Though sand casting has been largely replaced by centrifugal casting in recent decades, for hundreds of years it was the most popular of all casting methods. It still plays an important role in the production of large metal forms, and can offer the advantages of low cost, quick results and ease of duplication to those goldsmiths who take the time to master it. Though sometimes thought of as coarse, sandcasting can yield results that are as fine and true to detail as any other casting method.
There are many variations possible, but the most common mold frames for small scale work are made of steel or aluminum and consist of a pair of almost identical rectangular frames; boxes with neither a top nor a bottom. Each has an opening cut in one of the narrow sides, usually enlarged by a range that creates a funnel when the frame halves are put together. The only difference between the parts is that one unit, called the cope, has registration pins projecting out from it, while the other half, the drag, has tabs to receive those pins. These hold the frame together and make it possible to line up the sections perfectly.
Dry molding sand is passed through a fine sieve into a bowl and slowly moistened with water, kneading aggressively to insure even distribution of the moisture. The sand is worked until it is pliable and easy to shape. The consistency is correct when a lump squeezed in the hand retains its shape even when it is tossed into the air and caught.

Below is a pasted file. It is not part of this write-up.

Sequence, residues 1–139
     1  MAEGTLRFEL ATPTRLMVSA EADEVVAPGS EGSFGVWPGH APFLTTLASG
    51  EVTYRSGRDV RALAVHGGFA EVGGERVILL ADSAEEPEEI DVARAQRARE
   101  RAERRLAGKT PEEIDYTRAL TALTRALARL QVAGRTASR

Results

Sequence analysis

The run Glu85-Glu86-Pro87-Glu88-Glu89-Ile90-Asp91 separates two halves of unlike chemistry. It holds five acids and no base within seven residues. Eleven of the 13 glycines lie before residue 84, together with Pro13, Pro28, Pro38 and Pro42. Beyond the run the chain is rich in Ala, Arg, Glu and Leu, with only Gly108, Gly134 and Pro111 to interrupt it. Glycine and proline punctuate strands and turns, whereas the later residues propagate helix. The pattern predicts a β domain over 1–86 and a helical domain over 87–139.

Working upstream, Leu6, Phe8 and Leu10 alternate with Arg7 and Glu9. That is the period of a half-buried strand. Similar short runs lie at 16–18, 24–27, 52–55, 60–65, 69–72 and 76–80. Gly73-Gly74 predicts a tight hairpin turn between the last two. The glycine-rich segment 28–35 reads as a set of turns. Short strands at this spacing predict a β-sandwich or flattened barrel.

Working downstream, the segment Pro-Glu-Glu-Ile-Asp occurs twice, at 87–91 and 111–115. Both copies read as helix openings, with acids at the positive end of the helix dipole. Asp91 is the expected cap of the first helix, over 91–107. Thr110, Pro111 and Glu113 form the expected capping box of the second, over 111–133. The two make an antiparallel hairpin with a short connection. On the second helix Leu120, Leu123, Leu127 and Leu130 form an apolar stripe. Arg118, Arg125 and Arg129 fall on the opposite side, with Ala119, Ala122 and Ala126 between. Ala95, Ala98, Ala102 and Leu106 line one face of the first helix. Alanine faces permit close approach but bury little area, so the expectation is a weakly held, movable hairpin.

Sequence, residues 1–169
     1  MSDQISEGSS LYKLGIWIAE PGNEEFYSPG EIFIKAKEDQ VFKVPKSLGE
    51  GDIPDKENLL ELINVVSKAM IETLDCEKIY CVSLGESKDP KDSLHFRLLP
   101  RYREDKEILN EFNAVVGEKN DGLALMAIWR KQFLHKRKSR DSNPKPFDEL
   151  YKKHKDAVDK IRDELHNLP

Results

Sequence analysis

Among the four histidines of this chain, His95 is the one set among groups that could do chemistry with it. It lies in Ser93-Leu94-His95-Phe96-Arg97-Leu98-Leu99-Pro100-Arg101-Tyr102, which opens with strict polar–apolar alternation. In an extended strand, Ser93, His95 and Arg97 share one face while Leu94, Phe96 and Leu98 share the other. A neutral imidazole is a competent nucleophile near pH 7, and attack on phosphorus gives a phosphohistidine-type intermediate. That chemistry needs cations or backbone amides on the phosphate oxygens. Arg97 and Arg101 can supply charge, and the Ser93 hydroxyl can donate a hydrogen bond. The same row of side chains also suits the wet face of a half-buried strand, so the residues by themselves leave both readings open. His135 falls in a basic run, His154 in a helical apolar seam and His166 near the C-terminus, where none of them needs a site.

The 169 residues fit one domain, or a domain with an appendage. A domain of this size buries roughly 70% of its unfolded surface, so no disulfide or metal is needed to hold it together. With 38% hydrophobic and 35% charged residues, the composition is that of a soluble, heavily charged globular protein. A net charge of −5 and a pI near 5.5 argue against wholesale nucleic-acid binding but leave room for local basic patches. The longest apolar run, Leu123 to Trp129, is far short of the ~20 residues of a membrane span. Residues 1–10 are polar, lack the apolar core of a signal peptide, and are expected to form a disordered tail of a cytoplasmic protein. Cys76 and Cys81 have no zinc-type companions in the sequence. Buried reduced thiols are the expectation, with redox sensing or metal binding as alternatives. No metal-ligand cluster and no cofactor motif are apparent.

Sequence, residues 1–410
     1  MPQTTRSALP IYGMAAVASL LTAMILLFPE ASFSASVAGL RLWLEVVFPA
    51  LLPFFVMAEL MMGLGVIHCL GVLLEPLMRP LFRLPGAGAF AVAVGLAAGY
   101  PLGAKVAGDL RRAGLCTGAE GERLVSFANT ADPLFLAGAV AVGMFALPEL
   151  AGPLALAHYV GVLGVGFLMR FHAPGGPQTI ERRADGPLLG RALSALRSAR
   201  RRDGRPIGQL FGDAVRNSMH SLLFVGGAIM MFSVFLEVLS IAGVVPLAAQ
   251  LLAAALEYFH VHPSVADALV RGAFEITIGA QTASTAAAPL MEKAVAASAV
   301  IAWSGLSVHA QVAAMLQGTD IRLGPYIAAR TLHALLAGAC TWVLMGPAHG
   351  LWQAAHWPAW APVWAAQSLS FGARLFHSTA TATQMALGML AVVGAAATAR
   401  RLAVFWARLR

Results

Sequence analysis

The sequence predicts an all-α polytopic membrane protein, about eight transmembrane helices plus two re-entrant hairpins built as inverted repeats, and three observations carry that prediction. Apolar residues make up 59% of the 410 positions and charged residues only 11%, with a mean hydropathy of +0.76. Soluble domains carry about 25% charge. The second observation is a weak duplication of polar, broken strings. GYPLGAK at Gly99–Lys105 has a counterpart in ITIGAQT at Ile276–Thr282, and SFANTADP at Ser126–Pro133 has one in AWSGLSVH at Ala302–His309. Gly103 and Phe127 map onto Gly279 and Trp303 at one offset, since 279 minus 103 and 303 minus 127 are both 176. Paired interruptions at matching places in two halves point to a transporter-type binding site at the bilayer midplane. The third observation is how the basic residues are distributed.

The octagonal chased brooch illustrated in figure 4.27 will be used here to describe the process of sand casting. The drag (the mold half without the pegs) is placed on a piece of plate glass with its inner edge facing down. The model is set onto the glass in the lower third of the frame and both model and frame are dusted with parting powder. Traditionally this is a yellowish, fine-grained powder derived from plants of the Lycopodiaceen group. Talcum or cornstarch can be substituted. Whatever the powder, a tablespoon or so is placed in the center of a small patch of linen or cotton fabric, whose corners are then pulled up and bound with a cord. The idea is to make a bulb of the powder that will shed a fine dust when it is shaken or tapped against an object.
|Figure 4.27 – Mold frame for sand casting|
The prepared sand is sprinkled over the model and into the frame until it is perhaps a centimeter thick. This is then pressed down with the fingers, starting gingerly but progressing until it is compacted under considerable pressure. The degree to which the sand is pressed against the model will affect the detail achieved in the casting. More pressure will yield a better result.
The frame is filled to overflowing with more sand, which is again pressed into place, starting gently but continuing until it is packed under great pressure. Use a block of wood as a ram to pound the sand against the model, continuing to add sand as necessary to insure that the mold is filled to its top edge. This ramming explains why it is important for the model to be made of a sturdy material. The top surface is made level in a process called "striking off" by running a piece of wood or a steel bar along the top of the mold.